Now, I’m one of those people who never has an easy time with the question “Where are you from?” because the truth is a long story. So my answer depends on the context. If it looks like a shorter answer is appropriate, my response will be either “The States,” “California,” or possibly “Santa Barbara” though I could just as easily say Mission Viejo or Westminster if I’m being city-specific. If it’s a Thai person asking, I’ll usually respond in Thai that I’m a “half-race child: Thai & American.”

Sometimes more detail is called for: “My mom is Thai and my dad is American, but he grew up in South Africa.”

Sometimes it’s appropriate for me to mention that while my dad is an American, he primarily grew up in South Africa, but his family is actually from Norway. He’s as blond and blue-eyed as they come, but he grew up speaking Zulu (clicks and all) before he learned to speak English.

When asked where I grew up, I say southern California. But occasionally I surprise everyone when I admit I was born in Mississippi.

By that time everyone is confused, and I haven’t even gotten to the part about how my brother and sister are actually my cousins (no incest involved, thankyouverymuch) and technically, biologically, I’m an only child.

_1050346-2Like I said, long story. If people try to place me based on looks, they generally think I might be Hawaiian, or Mexican, maybe Indian. Not Thai, though. And not white either. If anyone has a claim to feeling “otherized” I’d think I do because I don’t fit the mold anywhere.

But while the “Where are you from?” question is never easy to answer, I don’t think people are assholes for asking it. Honestly, when I read articles like this Jezebel one, I just have to roll my eyes because, to me, it reeks more of the author’s own insecurity and discomfort in their own skin than racist behavior on the part of the questioner. More often than not, people asking where others are from are just making conversation. You never know their history either–maybe you look like you’re from Lebanon and that person just traveled there last month and is looking for a point of connection and a chance to talk with someone who gets it about the awesome time they had there. Or maybe you sound like you’re from Germany, and my family is from Germany but you’d never know it to look at me. Whatever. If you have an interesting heritage, maybe people are asking because you look like you have an interesting story to tell. Let me put it another way: would you rather forgo an interesting heritage in order to look just like everyone else? Is looking “exotic” such a bad thing? Is there something inherently better about looking obviously placeable?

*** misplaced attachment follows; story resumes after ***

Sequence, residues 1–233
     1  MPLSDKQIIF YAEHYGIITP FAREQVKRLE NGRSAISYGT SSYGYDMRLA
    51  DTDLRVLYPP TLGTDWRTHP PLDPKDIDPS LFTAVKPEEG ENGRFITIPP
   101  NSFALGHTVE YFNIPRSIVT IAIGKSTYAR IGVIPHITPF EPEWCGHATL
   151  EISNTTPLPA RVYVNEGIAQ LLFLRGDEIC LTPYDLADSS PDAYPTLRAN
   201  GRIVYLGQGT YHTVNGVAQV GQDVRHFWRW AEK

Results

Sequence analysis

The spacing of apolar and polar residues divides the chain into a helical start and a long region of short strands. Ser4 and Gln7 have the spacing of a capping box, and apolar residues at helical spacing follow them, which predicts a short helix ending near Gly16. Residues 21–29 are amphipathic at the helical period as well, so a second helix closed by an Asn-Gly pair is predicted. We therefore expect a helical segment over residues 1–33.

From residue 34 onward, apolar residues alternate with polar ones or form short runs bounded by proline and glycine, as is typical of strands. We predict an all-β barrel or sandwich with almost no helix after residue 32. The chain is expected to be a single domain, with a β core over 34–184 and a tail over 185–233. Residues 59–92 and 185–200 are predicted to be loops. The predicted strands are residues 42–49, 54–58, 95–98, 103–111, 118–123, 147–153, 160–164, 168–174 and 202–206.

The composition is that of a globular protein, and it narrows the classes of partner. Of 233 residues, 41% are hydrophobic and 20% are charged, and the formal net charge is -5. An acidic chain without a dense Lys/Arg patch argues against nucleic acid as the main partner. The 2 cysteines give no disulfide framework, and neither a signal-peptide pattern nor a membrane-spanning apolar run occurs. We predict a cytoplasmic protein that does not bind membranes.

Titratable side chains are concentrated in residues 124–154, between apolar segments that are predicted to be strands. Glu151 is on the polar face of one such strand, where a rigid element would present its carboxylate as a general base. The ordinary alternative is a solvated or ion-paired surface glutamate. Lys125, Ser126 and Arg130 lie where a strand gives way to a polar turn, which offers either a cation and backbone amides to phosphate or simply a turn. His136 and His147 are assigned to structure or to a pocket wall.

I’d personally rather have people be curious about me than write me off.

The only time I’ve ever been really annoyed by the questioner was when he kept trying to make assumptions about me, being overly familiar and getting it all wrong. And I just wanted to tell him, “STOP. I’m sorry, dude, but I don’t fit in your preconceived molds so just stop trying to stuff me into one.” But that kind of questioner isn’t curious–in fact, he’s the opposite of curious, when he’s really just looking for the most efficient way to categorize everyone he meets–which sounds a lot more like racism to me than simple curiosity about others. Turns out this particular guy, a restaurant owner who liked to get real friendly with his guests, is now operating a hub for trafficking young girls and boys out of his restaurant, so he definitely qualifies as an asshole.

The world is only getting more globalized and we’ll only begin to see more multi-ethnic people and more convoluted stories about where we’re all really from, whatever that means. There’s no one way to ask a person about their heritage that encompasses all the possible responses. Is it really better to shut up and not ask the question for fear of “otherizing” each other, or is it better to leave open the opportunity for making a connection with each other, either through the magnetism of our differences or because there’s a hidden similarity that might not otherwise have been seen?

Meanwhile, if I feel otherized by or that I don’t fit in with a particular crowd because of my answer to the “Where are you from?” question, then they’re not the kind of people I want to spend my time with–regardless of whether they so boldly ask the question or not.

A Coffee Chat

Fresh home baked bread

Fresh home baked bread

This week has been one of those weeks where I felt like we’ve been really busy, but when I try to remember what all it was that we did, I just draw a blank.